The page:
Wednesday, November 30, 2016

What About Him?

 In John 21, Peter and the disciples went fishing. It's after the resurrection but the men seemed to be unsure what to do next. They caught no fish but Jesus appeared on the shore and told them to cast their nets again on the right side of the boat. They hauled in 153 large fish!

After breakfast Jesus talked with Peter. He restored Peter, telling him three times to feed the sheep/lambs. He also told about the kind of death that Peter will have.

Peter turned around and saw John there behind them. When Peter saw him, he said to Jesus, “Lord — what about him? (John 21:21) Peter had heard Jesus' words about his future. He wanted to know if John would have a similar fate. Jesus answered, “If I want him to remain until I come, what is that to you? As for you, follow Me.” Jesus reminded Peter that they were talking about Peter, not John.

We often ask a similar question: Why him? Why not me? Why is this happening to me? Why do good things happen to her and I get this? What about them? Will they face difficulties? Will they have it easy?

How tempting it is for us to spend our time looking at others--comparing circumstances and blessings and struggles. I'm having this problem but she's just skating through life. I'm looking for a job or working twice as hard but everything just falls right for him with no effort. Why am I facing this battle? Why must things always be so much more difficult for me than for him or her?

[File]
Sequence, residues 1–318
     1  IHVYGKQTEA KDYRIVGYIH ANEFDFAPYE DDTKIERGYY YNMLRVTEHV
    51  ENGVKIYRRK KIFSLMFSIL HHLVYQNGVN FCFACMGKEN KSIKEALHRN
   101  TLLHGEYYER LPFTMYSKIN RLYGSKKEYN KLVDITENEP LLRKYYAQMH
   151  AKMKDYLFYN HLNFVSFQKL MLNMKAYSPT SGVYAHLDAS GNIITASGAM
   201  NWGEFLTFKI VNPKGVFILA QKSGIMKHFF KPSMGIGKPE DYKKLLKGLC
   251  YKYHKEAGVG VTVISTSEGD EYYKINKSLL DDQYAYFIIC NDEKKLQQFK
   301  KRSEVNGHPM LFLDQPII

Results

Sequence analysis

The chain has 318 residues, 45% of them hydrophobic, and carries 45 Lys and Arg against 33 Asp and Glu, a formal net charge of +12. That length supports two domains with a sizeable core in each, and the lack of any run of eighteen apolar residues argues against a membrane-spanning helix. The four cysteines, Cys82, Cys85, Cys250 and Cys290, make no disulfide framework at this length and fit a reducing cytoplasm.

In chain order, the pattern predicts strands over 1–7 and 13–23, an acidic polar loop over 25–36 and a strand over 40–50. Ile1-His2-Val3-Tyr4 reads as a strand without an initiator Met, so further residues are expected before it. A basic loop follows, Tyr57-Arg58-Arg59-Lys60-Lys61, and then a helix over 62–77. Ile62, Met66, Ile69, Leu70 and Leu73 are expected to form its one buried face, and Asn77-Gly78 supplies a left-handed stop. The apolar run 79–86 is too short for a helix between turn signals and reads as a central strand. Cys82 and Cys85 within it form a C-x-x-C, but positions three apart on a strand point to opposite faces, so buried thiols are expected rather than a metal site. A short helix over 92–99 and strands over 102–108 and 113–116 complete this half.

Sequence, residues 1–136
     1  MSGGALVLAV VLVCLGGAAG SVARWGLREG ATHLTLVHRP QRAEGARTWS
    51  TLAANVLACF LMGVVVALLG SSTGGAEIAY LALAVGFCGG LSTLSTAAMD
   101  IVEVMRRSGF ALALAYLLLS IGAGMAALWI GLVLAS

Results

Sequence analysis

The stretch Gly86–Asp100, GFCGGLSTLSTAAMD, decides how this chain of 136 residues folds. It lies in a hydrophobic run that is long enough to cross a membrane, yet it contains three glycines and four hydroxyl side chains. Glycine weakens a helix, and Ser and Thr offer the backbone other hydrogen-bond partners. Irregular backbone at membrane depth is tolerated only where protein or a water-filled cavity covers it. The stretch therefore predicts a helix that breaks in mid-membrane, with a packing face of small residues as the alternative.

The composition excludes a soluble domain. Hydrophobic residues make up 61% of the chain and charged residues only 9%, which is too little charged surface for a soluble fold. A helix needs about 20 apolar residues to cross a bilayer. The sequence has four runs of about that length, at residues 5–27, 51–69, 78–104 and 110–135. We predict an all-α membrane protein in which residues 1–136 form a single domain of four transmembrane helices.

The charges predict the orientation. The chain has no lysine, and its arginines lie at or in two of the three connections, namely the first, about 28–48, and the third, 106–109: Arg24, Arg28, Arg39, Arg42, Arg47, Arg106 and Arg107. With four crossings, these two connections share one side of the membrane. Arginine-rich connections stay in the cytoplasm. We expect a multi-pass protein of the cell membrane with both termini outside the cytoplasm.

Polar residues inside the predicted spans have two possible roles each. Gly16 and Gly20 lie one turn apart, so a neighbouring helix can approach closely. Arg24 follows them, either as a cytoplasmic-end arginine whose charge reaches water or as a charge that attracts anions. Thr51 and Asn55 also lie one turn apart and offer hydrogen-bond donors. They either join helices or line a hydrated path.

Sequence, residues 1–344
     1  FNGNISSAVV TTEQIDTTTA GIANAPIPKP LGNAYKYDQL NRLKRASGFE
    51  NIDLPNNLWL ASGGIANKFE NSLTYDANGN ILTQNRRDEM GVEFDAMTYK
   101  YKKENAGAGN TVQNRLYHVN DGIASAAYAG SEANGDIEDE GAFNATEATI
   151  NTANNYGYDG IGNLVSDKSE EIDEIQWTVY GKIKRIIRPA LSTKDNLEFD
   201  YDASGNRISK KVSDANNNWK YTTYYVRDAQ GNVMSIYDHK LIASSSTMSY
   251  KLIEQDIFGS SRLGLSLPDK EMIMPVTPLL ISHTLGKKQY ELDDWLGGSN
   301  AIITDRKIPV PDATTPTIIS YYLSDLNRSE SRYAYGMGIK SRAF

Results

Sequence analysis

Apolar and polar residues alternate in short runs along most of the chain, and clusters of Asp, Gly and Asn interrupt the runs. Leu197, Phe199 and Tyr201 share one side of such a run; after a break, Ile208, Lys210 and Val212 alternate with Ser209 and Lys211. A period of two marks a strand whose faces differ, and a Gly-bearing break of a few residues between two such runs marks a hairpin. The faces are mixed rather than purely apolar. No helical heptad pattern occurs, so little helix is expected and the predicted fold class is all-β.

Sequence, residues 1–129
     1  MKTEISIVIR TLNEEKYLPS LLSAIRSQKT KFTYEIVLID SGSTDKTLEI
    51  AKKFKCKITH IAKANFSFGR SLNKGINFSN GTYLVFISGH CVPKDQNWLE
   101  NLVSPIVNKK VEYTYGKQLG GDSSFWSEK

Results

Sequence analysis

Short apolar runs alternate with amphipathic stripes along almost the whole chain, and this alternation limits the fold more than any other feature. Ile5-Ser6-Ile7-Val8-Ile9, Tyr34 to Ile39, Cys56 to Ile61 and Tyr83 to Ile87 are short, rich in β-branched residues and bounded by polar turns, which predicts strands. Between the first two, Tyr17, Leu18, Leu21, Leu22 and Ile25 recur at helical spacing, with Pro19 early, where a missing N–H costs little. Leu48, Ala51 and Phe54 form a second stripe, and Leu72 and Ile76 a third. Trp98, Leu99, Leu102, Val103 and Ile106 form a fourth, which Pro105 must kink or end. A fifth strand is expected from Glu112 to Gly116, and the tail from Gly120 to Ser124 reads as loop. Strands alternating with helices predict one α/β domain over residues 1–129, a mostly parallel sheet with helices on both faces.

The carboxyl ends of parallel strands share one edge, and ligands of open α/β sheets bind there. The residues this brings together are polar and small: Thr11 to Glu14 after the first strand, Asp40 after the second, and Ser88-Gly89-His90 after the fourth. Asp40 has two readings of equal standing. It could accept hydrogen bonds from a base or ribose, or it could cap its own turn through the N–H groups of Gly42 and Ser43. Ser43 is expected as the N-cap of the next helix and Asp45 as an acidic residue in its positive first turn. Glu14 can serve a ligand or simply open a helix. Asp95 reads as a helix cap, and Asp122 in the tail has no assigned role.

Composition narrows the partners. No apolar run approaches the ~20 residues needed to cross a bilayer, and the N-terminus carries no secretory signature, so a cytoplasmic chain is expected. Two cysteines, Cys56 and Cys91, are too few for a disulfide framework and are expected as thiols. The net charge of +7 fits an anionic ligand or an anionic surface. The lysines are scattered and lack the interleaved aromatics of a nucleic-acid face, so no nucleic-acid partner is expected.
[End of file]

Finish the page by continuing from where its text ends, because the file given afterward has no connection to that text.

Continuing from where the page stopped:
We may not know the whys of someone's story. We often do not know why a blessing or burden falls one way or the other. But also don't know another's struggles or challenges. Maybe that high level job is costing him time - away from his family. What seems like her good fortune may be a test of her faith or a way for her to grow spiritually. Maybe. Perhaps. We don't know the story.

But we do know that God is God. God's work in someone else's life has nothing to do with His work in mine. God's generous gifts are for Him to give. Why does God's generosity and favor on someone else make us feel cheated? God took nothing from us to give to them. He took nothing from them to give to us. Often we are too busy looking at what He's done for someone else that we overlook the generous blessings He is pouring out on us.

Is God faithful? Does He provide? Is He sovereign? Does He reign? Is He God?

Thank Him. Know that He is giving us what we need to grow. Trust Him.

Keep eyes on God and not on those around us.

Wednesday, November 16, 2016

What We Gain

The good is the enemy of the best.
Sometimes you have to give up something good to get something even better.

Have you heard these types of things before? I have. I've even thought if not said them.

I've been thinking a lot recently about giving things up. I entered an essay contest and wrote about giving up my grandmother's piano. At a recent conference about a writing assignment, I had a wonderful idea for part of my writing; as I delved into it I had to give up that wonderful idea. It just didn't fit with what else I needed to do. I've written about giving up my classroom teaching dream - or releasing it, which for some reason sounds better to me.